Topics and commonly arising issues or barriers to engagement were determined from a mixture of the pulse survey data, interacting with the cohort and discussions with the career coaches. A small number of postdocs (typically 5 to 6) were invited to participate in a one hour long virtual focus group to discuss and explore the specific topic. A diverse and representative range of cohort postdocs were invited to participate in focus group discussions. Each session was facilitated by two members of the Prosper team, one primarily to facilitate, one to take notes. Prosper held focus groups on the following themes; time management, journaling, development of the Prosper portal, community building, career clusters and employer engagement, coaching, support from PIs, overall experience, and feedback. The Prosper team then discussed the best way to address the issues raised.
For more details on how to run a focus group see our page on running a focus group.
One-off session evaluation
We primarily sought feedback on one off sessions that had been commissioned by external suppliers to assess the quality and impact on the postdoc audience. These surveys were anonymous. However, we found that completion rate of these forms was poor, so instead we included a question listing all of the quarters sessions into the respective pulse and exit surveys. This did have the minor drawback in human error of the cohort misremembering which sessions they’d attended.
See an example of a typical survey used for evaluation of a one off session.
Buddy scheme evaluation
For details on how we ran a buddy scheme and an example of the anonymous feedback forms used see short duration and longer duration buddy schemes.
Portal feedback forms
Each page of our prototype online portal had a very basic anonymous feedback form at the end of the page. This feedback was automatically delivered to the Prosper inbox and included the specific webpage that it was filled in from.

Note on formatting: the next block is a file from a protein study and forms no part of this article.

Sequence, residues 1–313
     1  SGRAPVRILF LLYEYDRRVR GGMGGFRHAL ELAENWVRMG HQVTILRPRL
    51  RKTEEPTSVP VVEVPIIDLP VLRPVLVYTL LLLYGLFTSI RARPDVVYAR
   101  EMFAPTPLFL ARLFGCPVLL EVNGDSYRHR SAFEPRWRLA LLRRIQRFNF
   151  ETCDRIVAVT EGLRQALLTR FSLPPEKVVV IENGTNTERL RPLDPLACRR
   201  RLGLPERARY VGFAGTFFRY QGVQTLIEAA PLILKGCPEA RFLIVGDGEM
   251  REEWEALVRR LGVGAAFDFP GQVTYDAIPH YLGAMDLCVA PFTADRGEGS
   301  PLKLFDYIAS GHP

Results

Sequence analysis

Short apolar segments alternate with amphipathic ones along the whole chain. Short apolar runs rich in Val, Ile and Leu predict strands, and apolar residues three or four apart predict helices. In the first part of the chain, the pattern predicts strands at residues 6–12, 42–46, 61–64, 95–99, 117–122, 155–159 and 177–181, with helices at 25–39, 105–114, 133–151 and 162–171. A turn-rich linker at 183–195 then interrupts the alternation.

A copy of the questions asked can be found here.
Direct feedback from cohort via email/instant messaging/verbal
Direct informal feedback was collected from the cohort members as well as other engaged stakeholders (postdocs, PIs and so on). This was shared and discussed within the Prosper team to see best how the feedback could be addressed or incorporated.
Journaling was recommended to the postdocs as means to aid self-reflection and tracing the evolution of their career development strategies and growth. The journal entries could be accessed by the individuals career coach, the Prosper team and the individual postdoc themselves. We found that the postdocs had a mixed response to journaling, with some really valuing it and some not finding it a useful practice for them. The fact that their journal entries were not fully private also dissuaded some postdocs from engaging with it. The reflective journal entries were a rich source of qualitative data for the Prosper team to understand mindset shifts, patterns of engagement and postdoc concerns during their personal career development journey. However, we found that analysing and anonymising this data was extremely time consuming.
See our blog post on our initial analysis of cohort 1 journals. See our journaling to increase your self-awareness page for more details and journal prompts.